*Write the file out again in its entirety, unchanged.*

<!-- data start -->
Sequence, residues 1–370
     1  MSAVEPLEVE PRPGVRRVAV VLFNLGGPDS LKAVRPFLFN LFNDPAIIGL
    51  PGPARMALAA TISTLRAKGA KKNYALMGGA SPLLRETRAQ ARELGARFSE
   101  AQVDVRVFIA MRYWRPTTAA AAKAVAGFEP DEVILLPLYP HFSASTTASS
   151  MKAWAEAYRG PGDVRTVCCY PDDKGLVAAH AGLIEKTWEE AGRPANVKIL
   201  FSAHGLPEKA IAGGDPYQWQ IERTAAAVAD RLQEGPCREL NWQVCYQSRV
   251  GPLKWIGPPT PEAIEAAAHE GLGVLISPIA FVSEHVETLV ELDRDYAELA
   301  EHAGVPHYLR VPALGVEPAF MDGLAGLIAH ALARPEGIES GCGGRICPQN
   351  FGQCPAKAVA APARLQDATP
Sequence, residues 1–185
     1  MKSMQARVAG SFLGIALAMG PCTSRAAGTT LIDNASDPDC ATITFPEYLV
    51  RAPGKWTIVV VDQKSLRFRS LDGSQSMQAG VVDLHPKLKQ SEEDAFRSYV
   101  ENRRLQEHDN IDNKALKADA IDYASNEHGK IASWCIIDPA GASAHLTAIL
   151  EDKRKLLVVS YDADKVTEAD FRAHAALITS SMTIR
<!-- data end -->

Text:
Sequence, residues 1–370
     1  MSAVEPLEVE PRPGVRRVAV VLFNLGGPDS LKAVRPFLFN LFNDPAIIGL
    51  PGPARMALAA TISTLRAKGA KKNYALMGGA SPLLRETRAQ ARELGARFSE
   101  AQVDVRVFIA MRYWRPTTAA AAKAVAGFEP DEVILLPLYP HFSASTTASS
   151  MKAWAEAYRG PGDVRTVCCY PDDKGLVAAH AGLIEKTWEE AGRPANVKIL
   201  FSAHGLPEKA IAGGDPYQWQ IERTAAAVAD RLQEGPCREL NWQVCYQSRV
   251  GPLKWIGPPT PEAIEAAAHE GLGVLISPIA FVSEHVETLV ELDRDYAELA
   301  EHAGVPHYLR VPALGVEPAF MDGLAGLIAH ALARPEGIES GCGGRICPQN
   351  FGQCPAKAVA APARLQDATP
Sequence, residues 1–185
     1  MKSMQARVAG SFLGIALAMG PCTSRAAGTT LIDNASDPDC ATITFPEYLV
    51  RAPGKWTIVV VDQKSLRFRS LDGSQSMQAG VVDLHPKLKQ SEEDAFRSYV
   101  ENRRLQEHDN IDNKALKADA IDYASNEHGK IASWCIIDPA GASAHLTAIL
   151  EDKRKLLVVS YDADKVTEAD FRAHAALITS SMTIR